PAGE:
Figure 1: RIKEN researchers have experimentally determined the maximum number of neutrons that nuclei of fluorine and neon can hold. © 2020 KTSDESIGN/SCIENCE PHOTO LIBRARY
After a two-decade wait, the maximum numbers of neutrons that the elements fluorine and neon can have in their nuclei have been experimentally determined by nuclear physicists at RIKEN1. These data points will be valuable for informing theoretical models of the nucleus.
The current record for the number of people that can squeeze into a Mini car is 27, according to the Guinness Book of Records. Nuclear physicists are attempting to do something similar on a much smaller scale-finding out how many neutrons they can pack into a nucleus of a particular element before it starts leaking neutrons from its seams.
The number of protons in an atom is fixed for each element, but the number of neutrons in a nucleus can vary. About 20 years ago, experimentalists determined that an oxygen nucleus can have up to twice as many neutrons (16) as protons (8). But there has been no progress for elements heavier than oxygen until now.
Toshiyuki Kubo of the RIKEN Nishina Center for Accelerator-Based Science and co-workers have found that the maximum number of neutrons jumps to 22 for fluorine (9 protons)-oxygen’s neighbor in the periodic table. They also went one element further and established that a neon nucleus (10 protons) can hold up to 24 neutrons.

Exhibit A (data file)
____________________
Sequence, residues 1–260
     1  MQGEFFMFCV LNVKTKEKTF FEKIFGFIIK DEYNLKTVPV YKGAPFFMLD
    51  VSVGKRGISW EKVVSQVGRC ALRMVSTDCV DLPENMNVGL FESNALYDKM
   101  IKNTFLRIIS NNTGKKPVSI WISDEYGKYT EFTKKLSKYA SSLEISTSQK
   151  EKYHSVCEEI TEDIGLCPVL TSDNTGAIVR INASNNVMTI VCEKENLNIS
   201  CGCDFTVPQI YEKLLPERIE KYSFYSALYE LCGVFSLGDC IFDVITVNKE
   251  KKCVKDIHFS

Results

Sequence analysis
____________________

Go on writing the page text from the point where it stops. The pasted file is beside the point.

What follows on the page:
Toshiyuki Kubo and his colleagues have experimentally determined the neutron dripline for the elements fluorine and neon. © 2020 RIKEN
These findings give new insights into the internal structure of nuclei. “The maximum number of neutrons a nucleus can contain is sensitive to underlying nuclear structure,” explains Kubo. “So the present results provide new keys to understanding the nuclear structure under very neutron-rich conditions.”
The team was able to make this progress because of advances in nuclear-physics facilities. “Previous generations of heavy-ion accelerators and fragment separators lacked the capability to determine the maximum number of neutrons fluorine and neon nuclei can hold,” says Kubo. “The significantly upgraded performance of the new-generation facility we used, the RIKEN Radioactive Isotope Beam Factory, allowed us to do these measurements on fluorine and neon.”
Even with these state-of-the-art facilities, the researchers produced tiny amounts of the neutron-rich elements: about 4,000 nuclei for fluorine and about 100 for neon. “It’s very difficult to produce rare isotopes very far from stable nuclei,” explains Kubo. “Their production rates are so small.”
Kubo notes that there is still a lot more work to be done. “We have determined the maximum number of neutrons up to neon, which has ten protons,” he says. “But the largest known element has 118 protons, so there is a long way to go to see the whole nuclear landscape. Nonetheless, the present results are a significant step toward it.”